Zombie rights – Batman, ParaNorman, and FOI requests @occupywallstreet #occupy
Rush Limbaugh got in a fuss about the new Batman movie because the villain name Bane sounds like Bain Capital and so Rush interpreted that as a purposeful political message anti-Romney. For a contrasting interpretation, here’s another crazy rant by E. Michael Jones for PressTV. In “Dark Knight portrays OWS crowd as mindless terrorist zombies“, Jones argues that Bane does not symbolize Big Capital but rather the Occupy Wall Street movement. Under this theory, Nolan’s Batman is capitalist propaganda for the military industrial complex. He writes:
If there is anything more obvious than Dark Knight Rises’ political bias, it is its unmistakable attack on the Occupy Wall Street movement. The fact that the film favors neither candidate in the upcoming elections is totally irrelevant, primarily because when it comes to any issue of significance there is no difference between the candidates. In completing the Batman trilogy, Nolan has revealed his true political (or, better, economic) colors as a propagandist who goes out of his way to demonize anyone who has any objections to the current political regime.
In Dark Knight Rises, Nolan portrays the hapless Occupy Wall Street crowd as mindless terrorist zombies who need to be destroyed by a combination of the military industrial complex, represented by the billionaire Bruce Wayne and Wayne Enterprises and all of his deadly gadgets, and the inept but nonetheless brutal New York City police department.
Nolan’s film is nothing if not an overly long, heavy-handed, brutalist defense of the entire cultural Gestalt of Capitalism,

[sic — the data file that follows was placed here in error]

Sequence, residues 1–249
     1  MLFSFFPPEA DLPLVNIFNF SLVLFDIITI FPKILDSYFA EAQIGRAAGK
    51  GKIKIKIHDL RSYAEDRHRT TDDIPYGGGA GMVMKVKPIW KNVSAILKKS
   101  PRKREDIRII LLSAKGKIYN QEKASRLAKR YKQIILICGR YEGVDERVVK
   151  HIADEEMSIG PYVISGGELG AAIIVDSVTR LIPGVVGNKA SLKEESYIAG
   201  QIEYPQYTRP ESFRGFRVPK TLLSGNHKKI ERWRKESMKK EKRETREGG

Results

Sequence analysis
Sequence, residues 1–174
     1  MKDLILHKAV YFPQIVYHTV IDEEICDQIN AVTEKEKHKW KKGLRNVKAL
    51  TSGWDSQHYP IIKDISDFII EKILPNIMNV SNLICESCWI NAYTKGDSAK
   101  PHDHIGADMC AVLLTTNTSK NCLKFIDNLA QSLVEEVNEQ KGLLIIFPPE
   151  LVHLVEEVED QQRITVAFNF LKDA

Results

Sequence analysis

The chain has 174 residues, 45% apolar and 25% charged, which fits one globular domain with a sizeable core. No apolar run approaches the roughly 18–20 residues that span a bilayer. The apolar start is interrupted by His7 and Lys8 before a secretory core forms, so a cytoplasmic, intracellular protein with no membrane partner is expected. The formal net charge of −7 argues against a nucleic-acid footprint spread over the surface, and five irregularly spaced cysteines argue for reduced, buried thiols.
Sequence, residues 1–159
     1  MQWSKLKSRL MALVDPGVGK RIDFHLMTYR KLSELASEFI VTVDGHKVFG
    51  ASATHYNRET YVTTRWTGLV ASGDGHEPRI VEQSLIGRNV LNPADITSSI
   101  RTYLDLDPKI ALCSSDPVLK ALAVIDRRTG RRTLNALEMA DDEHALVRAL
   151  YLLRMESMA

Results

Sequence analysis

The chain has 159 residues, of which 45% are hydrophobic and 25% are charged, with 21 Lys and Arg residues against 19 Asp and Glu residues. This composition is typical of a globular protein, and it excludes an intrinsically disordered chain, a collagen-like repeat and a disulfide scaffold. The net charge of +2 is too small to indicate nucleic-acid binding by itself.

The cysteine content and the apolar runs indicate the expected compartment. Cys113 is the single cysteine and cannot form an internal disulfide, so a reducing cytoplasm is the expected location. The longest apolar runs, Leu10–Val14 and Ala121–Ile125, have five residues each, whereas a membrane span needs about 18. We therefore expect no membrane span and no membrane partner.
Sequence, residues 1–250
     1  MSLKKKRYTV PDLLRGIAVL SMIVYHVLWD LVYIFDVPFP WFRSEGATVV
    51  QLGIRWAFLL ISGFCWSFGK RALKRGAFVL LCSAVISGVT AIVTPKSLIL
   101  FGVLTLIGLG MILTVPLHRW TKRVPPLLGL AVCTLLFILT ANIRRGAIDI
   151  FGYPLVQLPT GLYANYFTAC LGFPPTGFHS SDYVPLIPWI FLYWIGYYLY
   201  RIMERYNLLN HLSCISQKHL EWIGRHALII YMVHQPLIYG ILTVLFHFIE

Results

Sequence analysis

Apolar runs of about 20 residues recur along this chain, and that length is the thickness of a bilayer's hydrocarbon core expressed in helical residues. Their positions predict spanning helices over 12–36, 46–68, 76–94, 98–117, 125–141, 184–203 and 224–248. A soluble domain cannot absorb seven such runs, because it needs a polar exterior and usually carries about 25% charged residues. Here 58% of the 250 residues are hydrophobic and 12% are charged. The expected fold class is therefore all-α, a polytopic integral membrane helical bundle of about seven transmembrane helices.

Zombies and Occupy are notably related in the use of flash mob tactics. And recall previous ZombieLaw mentions of Occupy. Also recall previous ZombieLaw mention of Batman fighting zombies in the 1940s.
QUESTION: When you strip the zombies and ghosts away from “ParaNorman,” what movie were you making?
ANSWER: When I first read the script, I was just excited to be part of a stop-motion movie. I was like, “Oh, it’s really cool. It’s really funny.” And then once I saw the movie and did some interviews, people started to mention — this shows how much I pay attention — there’s an underlying kind of bullying theme in this, which I really should have realized, because I was the one doing the bullying. Not only am I bullying Norman, but the townspeople, in a way, bully the zombies. Which is a really good twist for the kids, ’cause zombies are normally scary, and you’ve never seen a zombie movie where they’re the ones getting bullied. So I think that’s a really smart thing to do for a young audience.
QUESTION: They [zombies] make a good persecuted second class. Once your limbs are falling off from decay, that’s sort of punishment enough.
ANSWER: Agreed. People gotta stop being dicks.
Finally, and somewhat related, see BBC article “Zombie FOI request costs Lincolnshire County Council” about the burden on county government of responding to somewhat absurd Freedom of Information requests. And while I agree that it is probably “not a good use of public funds” to respond to every zombie question, the zombies have a right to know!
Maybe Occupy should have an Occupy-FOI event to occupy government information. No one should be second-class persecuted and it’s the government records that we need to demonstrate these inequities. So we need FOI records to be responded to expediently, and truly there are no dumb questions. Maybe they need to hire more people to answer questions, and maybe they’ll have to raise taxes to pay those people. Is that really such a poor use of public funding? To answer good faith public questions, I don’t think so, even zombies deserve answers.